“Raymond Williams observes, in his book Culture and Society: 1780-1950, that between the end of the eighteenth century and the early years of the nineteenth, some significant shifts in the meaning of words occurred. One of the important words that underwent this shift was ‘art’ and with it, the conception of the artist changed dramatically. Williams notes that “Art came to stand for a special kind of truth, ‘imaginative truth’, and artist for a special kind of person” (15). Furthermore, the idea of the genius changed from “meaning ‘a characteristic disposition,’” to “mean ‘exalted ability’, and a distinction was made between it and talent” (Williams 15). So, a Romantic conception involved not only a new perspective on art, but also on the person and the abilities that created the art. The conception of the Romantic Artist developed into one in which the Artist “is by nature indifferent to the crude worldliness and materialism of politics and social affairs; he is devoted, rather, to the more substantial spheres of natural beauty and personal feeling” (Williams 48). While Williams goes on to explain that this view is a simplification of the interests and social engagement of the Romantic poets, elements of this view persist. It is also important to note Williams’s gendering of the Artist as male. The gender bias is not only a reflection of the conventions of the time in which his book was written, but also reveals some of the presuppositions underlying the Romantic tradition.
E. Young, in his 1759 work Conjectures on Original Composition, reveals another underlying concept: “An original may be said to be of a vegetable nature; it rises spontaneously from the vital root of genius; it grows, it is not made; Imitations are often a sort of manufacture, wrought up by those mechanics, art and labour, out of pre-existent materials not their own” (qtd. in Williams 54). The idea of the original privileges the creativity and ‘liberty’ of work that breaks new ground and is spontaneous invention over work which is the result of effort and imitation. Rather than record the mundane, “the Artist’s business is to ‘read the open secret of the universe’” (Williams 56). The Artist has access to something universal and can transcend the ordinary through inspiration.
One potential reason for the use of the Romantic tropes of the Artist in work on Sylvia Plath is the many similarities between the lives the later Romantic poets led – lives of passion, pain, fame, ending in early death – and Plath’s experiences. The poets help to create their personal fame through their poetry, which was so personally revealing. The later Romantic poets – specifically Byron, Shelley and Keats – bear striking similarities to Plath. Byron was “made famous by his despair” and all three “die out of England” (McGann 110) as expatriates, like Plath who died away from America. The “Romantic poets like Keats appear to suffer in and through their work” (McGann 136) and the same could be said of Plath. Al Strangeways states that “Plath’s connection to Romantic tradition is […] usually treated incidentally” and that this is inadequate because many of her “central conflicts […] such as her struggles with individualism […] and her interest in the extremes and intensities of the unconscious, are rooted in Romantic concerns and influenced by [a] Romantic version of conflict” (40). The trope of the suffering, tortured artist is frequent in Plath criticism, though less prevalent in Rose and Stevenson’s works. Byron’s death is also “normally thought of in relation to his marriage separation, but that domestic event merely culminated his desperate Years of Fame” (McGann 111). The observation applies equally well to Plath, a female addition to the tradition typically restricted to males, but this important idea of gender and inclusion in the canon will be returned to later in the paper.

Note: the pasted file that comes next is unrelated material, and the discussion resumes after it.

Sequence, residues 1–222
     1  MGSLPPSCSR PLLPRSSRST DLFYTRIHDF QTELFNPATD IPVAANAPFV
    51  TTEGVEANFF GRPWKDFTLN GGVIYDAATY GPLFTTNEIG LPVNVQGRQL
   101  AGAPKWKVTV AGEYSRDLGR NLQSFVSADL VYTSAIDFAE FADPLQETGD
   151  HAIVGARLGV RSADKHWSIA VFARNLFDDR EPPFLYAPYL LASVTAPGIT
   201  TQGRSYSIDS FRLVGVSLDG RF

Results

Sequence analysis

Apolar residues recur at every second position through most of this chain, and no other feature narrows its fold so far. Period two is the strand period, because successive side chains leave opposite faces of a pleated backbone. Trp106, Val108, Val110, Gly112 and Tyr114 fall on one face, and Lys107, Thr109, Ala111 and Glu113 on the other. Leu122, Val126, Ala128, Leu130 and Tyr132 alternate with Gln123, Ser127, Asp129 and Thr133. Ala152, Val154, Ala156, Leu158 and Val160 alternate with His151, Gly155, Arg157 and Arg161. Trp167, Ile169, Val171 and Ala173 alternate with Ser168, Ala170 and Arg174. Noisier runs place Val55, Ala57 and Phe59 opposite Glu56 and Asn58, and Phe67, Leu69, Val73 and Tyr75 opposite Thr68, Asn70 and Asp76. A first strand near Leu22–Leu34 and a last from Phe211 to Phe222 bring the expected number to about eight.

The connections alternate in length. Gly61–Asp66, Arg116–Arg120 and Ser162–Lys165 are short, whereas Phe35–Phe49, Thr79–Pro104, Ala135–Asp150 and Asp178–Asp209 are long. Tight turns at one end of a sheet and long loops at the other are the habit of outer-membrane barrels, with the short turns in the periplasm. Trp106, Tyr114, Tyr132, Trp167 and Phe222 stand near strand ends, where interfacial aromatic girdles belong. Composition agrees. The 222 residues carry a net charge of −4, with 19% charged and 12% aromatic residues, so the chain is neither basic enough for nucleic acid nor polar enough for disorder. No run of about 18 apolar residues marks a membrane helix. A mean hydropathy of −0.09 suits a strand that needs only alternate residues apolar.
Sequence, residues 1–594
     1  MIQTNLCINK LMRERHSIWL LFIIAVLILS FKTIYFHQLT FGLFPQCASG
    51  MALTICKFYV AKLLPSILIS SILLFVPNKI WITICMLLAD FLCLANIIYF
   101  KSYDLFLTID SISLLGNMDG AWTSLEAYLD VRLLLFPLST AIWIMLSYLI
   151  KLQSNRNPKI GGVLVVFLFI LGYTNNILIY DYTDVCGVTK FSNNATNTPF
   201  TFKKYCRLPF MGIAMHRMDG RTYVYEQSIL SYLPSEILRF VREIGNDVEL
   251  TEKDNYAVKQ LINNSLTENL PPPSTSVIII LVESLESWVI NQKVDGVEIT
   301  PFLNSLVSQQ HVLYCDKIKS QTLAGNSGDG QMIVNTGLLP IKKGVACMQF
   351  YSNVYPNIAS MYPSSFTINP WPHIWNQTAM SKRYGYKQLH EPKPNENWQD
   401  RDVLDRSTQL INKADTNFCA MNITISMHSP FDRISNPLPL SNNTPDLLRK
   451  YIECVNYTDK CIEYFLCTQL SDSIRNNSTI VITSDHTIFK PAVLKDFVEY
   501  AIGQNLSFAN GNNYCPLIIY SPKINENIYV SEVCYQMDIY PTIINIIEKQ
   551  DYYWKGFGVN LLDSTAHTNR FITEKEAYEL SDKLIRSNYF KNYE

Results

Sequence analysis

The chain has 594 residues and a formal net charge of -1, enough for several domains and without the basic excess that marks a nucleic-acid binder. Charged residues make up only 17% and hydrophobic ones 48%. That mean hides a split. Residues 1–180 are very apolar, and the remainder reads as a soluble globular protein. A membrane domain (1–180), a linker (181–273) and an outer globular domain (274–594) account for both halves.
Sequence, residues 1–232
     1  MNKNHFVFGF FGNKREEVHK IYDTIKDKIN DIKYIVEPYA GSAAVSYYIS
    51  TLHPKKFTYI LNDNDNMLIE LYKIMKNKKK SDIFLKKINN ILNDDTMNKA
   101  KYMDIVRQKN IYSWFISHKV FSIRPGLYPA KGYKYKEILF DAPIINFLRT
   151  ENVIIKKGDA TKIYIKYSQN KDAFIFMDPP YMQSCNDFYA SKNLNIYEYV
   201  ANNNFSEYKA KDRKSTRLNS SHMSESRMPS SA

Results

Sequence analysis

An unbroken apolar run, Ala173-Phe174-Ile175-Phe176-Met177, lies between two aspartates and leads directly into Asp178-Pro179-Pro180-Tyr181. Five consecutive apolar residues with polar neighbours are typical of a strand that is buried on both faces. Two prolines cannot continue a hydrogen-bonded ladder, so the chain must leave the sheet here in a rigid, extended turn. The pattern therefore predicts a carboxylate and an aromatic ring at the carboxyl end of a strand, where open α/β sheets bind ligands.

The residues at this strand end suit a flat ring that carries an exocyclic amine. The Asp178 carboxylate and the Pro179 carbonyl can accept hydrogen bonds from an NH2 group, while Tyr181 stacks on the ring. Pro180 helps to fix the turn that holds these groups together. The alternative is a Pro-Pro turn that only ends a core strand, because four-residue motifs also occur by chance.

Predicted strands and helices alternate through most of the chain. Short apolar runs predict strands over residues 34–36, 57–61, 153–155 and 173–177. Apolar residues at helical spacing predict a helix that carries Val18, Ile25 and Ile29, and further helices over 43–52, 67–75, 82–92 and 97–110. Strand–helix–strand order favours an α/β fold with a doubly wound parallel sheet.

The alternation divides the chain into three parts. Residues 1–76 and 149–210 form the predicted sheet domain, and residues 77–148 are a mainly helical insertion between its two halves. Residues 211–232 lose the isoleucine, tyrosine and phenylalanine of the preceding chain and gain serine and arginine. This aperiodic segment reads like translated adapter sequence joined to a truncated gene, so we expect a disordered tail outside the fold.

A crucial concept for the discussion of Plath and her work is that of the ‘genius.’ Christine Battersby notes that
[b]y the end of the eighteenth century, ‘genius’ had acquired Romantic grandeur: it had been transformed from a kind of talent into a superior type of being who walked a ‘sublime’ path between ‘sanity’ and ‘madness’, between the ‘monstrous’ and the ‘superhuman’ The creative success that could be ascribed to ‘mere’ talent was opposed to that bound up with the personality of the Romantic ‘genius.’ (103)